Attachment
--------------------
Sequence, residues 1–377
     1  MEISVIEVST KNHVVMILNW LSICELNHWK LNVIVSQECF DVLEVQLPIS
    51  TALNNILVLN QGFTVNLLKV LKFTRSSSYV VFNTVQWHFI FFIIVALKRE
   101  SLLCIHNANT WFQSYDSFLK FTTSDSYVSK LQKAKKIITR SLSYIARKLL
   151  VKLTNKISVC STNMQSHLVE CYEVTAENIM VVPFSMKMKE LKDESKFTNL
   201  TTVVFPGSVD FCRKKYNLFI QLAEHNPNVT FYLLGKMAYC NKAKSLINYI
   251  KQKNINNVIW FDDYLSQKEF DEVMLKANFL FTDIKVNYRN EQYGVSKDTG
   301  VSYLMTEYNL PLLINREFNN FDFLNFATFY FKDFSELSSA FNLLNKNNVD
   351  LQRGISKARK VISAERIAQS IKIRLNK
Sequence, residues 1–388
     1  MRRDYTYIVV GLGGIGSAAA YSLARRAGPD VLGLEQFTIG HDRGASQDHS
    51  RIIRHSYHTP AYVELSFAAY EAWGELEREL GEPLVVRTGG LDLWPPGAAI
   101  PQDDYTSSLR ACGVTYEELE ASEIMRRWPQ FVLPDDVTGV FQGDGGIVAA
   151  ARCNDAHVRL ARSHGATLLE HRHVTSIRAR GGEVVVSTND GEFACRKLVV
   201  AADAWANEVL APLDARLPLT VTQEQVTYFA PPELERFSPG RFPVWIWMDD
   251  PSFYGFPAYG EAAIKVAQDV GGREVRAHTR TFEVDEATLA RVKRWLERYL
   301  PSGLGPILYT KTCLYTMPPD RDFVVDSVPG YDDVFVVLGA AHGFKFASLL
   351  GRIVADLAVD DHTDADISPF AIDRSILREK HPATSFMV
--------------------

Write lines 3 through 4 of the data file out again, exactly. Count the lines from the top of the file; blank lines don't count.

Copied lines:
    51  TALNNILVLN QGFTVNLLKV LKFTRSSSYV VFNTVQWHFI FFIIVALKRE
   101  SLLCIHNANT WFQSYDSFLK FTTSDSYVSK LQKAKKIITR SLSYIARKLL